Part I of III
The story of St. Edmund’s Church is significant in Dad’s career and in the history of American architecture–though he might not want me to make that claim. I can though because I’m not him.
Dad redesigned the house which was to be the new model for a subdivision–a contemporary home. The Milwaukee Journal picked up on the story of the contemporary house and did a feature article on it in the Sunday edition.
There was an architectural magazine at the time called House and Home. They picked up on the newspaper article and included it in their news items and made reference to the house with an article in their magazine. This led to one of the Journal writer’s contacting Dad. He ended up designing the writer’s house in Mequon.
So now he had his second house which led to a third — another Journal employee also hired him to design a house in Brookfield. Then another employee hired him to design his house in a subdivision near HWY 83 and I94. Because they were all connected with the Journal, the stories tended to get picked up from time to time and published in their paper so it brought him some publicity.
Dad had opened his office in 1955. By 1956, he was the first architect to design a hyperbolic paraboloid, thin shelled concrete roof in the United States. The design was for St. Edmund’s Church.
St. Edmund’s was founded in 1947 by a small group of Christian laity and clergy who had been meeting in temporary facilities in the village of Elm Grove, Wisconsin. Within a decade the group had raised enough money to construct their own building on land which had been donated to the congregation by members of their community on Watertown Plank Road in the village. Exciting things were brewing. –Debbie
The owner of Woodlam, which furnished the laminated beams for the church I had designed in Franklin, was Don Osenga. He had become good friends with the house client, Jack Schuldes, who was developing the subdivision we had discussed earlier in Brookfield. I remember so well Dolores had invited them all over for dinner which was a little tight in the kitchen of our upper duplex on Humboldt but it was a wonderful evening. It was Don Osenga who was on the building committee for St. Edmond’s Church in Elm Grove and had arranged for me to be interviewed there.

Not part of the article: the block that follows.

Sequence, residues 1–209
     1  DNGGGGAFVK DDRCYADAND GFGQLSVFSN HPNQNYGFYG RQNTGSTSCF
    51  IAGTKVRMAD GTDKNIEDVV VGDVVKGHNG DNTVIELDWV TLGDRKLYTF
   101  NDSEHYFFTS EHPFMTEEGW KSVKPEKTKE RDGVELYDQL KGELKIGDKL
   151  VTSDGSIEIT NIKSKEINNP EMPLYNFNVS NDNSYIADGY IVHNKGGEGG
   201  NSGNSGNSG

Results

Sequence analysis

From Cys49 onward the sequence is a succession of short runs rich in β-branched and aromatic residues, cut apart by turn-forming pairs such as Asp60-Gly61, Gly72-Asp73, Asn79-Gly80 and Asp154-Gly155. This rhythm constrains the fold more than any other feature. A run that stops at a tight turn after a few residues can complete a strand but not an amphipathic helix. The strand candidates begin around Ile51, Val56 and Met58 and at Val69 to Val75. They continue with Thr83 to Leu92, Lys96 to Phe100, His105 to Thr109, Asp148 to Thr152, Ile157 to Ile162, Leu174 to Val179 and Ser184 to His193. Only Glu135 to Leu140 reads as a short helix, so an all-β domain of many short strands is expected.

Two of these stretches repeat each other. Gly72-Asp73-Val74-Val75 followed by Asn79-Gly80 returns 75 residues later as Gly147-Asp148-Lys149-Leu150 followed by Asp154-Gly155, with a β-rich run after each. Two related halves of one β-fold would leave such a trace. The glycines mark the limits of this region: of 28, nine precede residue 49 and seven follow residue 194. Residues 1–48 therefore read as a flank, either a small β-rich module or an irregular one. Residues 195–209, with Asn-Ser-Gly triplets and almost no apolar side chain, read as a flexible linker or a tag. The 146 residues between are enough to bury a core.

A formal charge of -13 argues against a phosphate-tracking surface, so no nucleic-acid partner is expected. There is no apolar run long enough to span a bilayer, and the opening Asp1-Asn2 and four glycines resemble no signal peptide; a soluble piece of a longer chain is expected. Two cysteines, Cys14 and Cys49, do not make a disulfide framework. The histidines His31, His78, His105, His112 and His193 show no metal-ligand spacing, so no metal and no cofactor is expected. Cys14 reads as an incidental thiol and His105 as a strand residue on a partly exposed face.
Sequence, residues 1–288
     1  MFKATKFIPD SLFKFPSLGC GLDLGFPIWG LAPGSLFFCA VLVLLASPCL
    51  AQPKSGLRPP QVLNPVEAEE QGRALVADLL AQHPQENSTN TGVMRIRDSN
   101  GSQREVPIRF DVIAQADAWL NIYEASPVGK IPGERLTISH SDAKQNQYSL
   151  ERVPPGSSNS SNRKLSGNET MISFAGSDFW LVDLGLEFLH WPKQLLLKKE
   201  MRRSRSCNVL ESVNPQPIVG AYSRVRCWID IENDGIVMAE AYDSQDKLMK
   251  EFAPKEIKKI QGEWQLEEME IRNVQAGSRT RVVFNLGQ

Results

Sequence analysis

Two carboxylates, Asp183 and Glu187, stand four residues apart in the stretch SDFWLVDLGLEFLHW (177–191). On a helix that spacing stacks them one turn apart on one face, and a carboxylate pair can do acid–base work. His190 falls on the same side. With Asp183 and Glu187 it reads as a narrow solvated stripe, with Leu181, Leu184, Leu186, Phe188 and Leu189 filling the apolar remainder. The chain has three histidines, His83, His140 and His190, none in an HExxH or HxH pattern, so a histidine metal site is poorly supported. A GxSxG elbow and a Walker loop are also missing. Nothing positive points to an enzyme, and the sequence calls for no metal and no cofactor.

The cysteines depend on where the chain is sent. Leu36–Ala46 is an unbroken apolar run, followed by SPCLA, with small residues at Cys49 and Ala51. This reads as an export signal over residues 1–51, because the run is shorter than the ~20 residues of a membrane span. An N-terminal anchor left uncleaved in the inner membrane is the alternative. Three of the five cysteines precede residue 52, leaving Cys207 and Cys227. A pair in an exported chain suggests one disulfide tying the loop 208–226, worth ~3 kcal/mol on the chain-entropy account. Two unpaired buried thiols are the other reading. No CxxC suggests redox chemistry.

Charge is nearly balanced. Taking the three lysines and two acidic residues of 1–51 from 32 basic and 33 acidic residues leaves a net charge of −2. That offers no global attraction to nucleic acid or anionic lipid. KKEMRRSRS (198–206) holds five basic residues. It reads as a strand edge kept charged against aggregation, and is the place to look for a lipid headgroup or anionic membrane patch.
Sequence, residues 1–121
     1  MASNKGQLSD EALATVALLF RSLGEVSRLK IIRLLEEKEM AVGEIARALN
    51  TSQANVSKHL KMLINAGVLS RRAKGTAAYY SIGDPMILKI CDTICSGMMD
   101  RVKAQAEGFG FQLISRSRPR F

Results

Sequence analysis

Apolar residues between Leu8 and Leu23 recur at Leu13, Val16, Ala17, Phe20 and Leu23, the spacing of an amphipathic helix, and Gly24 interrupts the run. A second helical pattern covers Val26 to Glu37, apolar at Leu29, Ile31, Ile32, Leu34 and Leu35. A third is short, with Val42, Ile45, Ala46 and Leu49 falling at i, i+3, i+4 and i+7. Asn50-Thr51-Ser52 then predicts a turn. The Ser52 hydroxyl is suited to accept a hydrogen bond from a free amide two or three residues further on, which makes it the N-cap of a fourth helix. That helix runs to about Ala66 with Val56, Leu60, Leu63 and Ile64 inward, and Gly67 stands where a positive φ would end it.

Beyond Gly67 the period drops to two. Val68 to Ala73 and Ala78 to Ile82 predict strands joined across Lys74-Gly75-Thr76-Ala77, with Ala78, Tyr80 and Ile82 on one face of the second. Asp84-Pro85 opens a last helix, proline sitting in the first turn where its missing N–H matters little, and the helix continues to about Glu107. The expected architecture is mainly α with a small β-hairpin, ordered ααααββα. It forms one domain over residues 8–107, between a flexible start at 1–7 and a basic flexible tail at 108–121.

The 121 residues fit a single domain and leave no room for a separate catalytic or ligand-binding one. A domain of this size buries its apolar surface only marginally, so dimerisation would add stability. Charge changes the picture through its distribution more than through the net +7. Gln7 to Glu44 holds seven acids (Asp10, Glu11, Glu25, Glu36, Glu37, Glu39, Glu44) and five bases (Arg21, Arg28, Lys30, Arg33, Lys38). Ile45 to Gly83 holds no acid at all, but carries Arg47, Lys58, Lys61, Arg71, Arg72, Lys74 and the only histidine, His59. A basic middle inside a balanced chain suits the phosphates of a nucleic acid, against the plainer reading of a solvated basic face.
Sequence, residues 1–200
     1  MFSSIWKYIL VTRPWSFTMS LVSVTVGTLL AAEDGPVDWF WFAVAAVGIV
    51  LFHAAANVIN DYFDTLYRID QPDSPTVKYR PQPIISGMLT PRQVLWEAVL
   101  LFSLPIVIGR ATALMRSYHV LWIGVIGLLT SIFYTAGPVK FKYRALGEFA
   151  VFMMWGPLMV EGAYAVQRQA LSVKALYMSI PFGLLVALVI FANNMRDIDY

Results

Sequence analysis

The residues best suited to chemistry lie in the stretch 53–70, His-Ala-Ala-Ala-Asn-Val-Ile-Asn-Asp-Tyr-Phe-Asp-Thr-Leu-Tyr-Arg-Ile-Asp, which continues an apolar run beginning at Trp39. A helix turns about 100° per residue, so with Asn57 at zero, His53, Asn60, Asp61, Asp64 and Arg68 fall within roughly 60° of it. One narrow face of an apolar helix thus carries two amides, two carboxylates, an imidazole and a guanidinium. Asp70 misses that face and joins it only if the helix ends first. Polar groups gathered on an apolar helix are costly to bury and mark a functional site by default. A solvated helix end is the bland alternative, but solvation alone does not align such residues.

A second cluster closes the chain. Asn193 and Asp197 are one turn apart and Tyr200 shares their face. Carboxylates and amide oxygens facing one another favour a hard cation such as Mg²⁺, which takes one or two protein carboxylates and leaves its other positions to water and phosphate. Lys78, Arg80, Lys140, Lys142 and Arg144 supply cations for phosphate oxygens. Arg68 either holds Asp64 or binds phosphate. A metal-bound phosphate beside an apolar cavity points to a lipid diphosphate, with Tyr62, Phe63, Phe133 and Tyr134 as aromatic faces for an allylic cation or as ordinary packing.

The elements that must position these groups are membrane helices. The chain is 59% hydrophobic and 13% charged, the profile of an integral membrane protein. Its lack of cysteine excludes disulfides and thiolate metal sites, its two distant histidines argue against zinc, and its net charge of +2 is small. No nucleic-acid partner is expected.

I was selected as the architect and eventually designed a very nice but rather typical contemporary church for them using laminated arches and beams.
The St. Edmund’s committee reviewed the design as it developed and approved it. After the committee meeting they had a coffee and cake gathering in the fellowship hall of their existing building. During this time, I got into some discussion on one of my favorite subjects which is architectural history.
I explained about Gothic Architecture with its incredible structural system and sculptured art forms. I explained that the two facets — art and structure — were totally integrated into one unit, but that the artwork was always subservient to the structure. As was true of all periods of architecture, the buildings designed for worship up to this point in history were always the most advanced structural scheme known to man. I pointed out how each of the elements of the Gothic structure had structural meaning and was necessary for its stability. This was the Gothic period’s way to express the inexpressible yet real understanding of the mystery of Jesus. By this time, all the committee members had gotten interested in my discussion.
They asked, “What would Gothic be today, following the description you just gave?”
This was the time that Soviet Russia had succeeded in putting an object into space known as Sputnik. As I recall, it was only a basketball sized object with radios contained in it so it could communicate with earth. This of course, was a tremendous achievement for science, fostering a great deal of discussion in all parts of society but certainly most prevalent in the church. There were critics of the church who said that Sputnik didn’t find any heaven in space, implying or stating that Christian teaching was now disproved.
Some of the committee asked me,“How would we make an expression merging science and faith today as was done in the Gothic period?”
“Well, I’m not sure but I’ve been reading about thin-shelled concrete where large structural spans can be developed based on the shape of the form instead of its mass.”
“Can’t we have something out of thin-shelled concrete?” The committee then asked.
“I really don’t know enough about it.” I responded. “I’ll have to do some reading, look into it and get back to you.”
So they all agreed to put my ‘very nice but rather typical contemporary’ design aside until I could look into thin-shelled concrete and see if I could find an engineer that was familiar with it.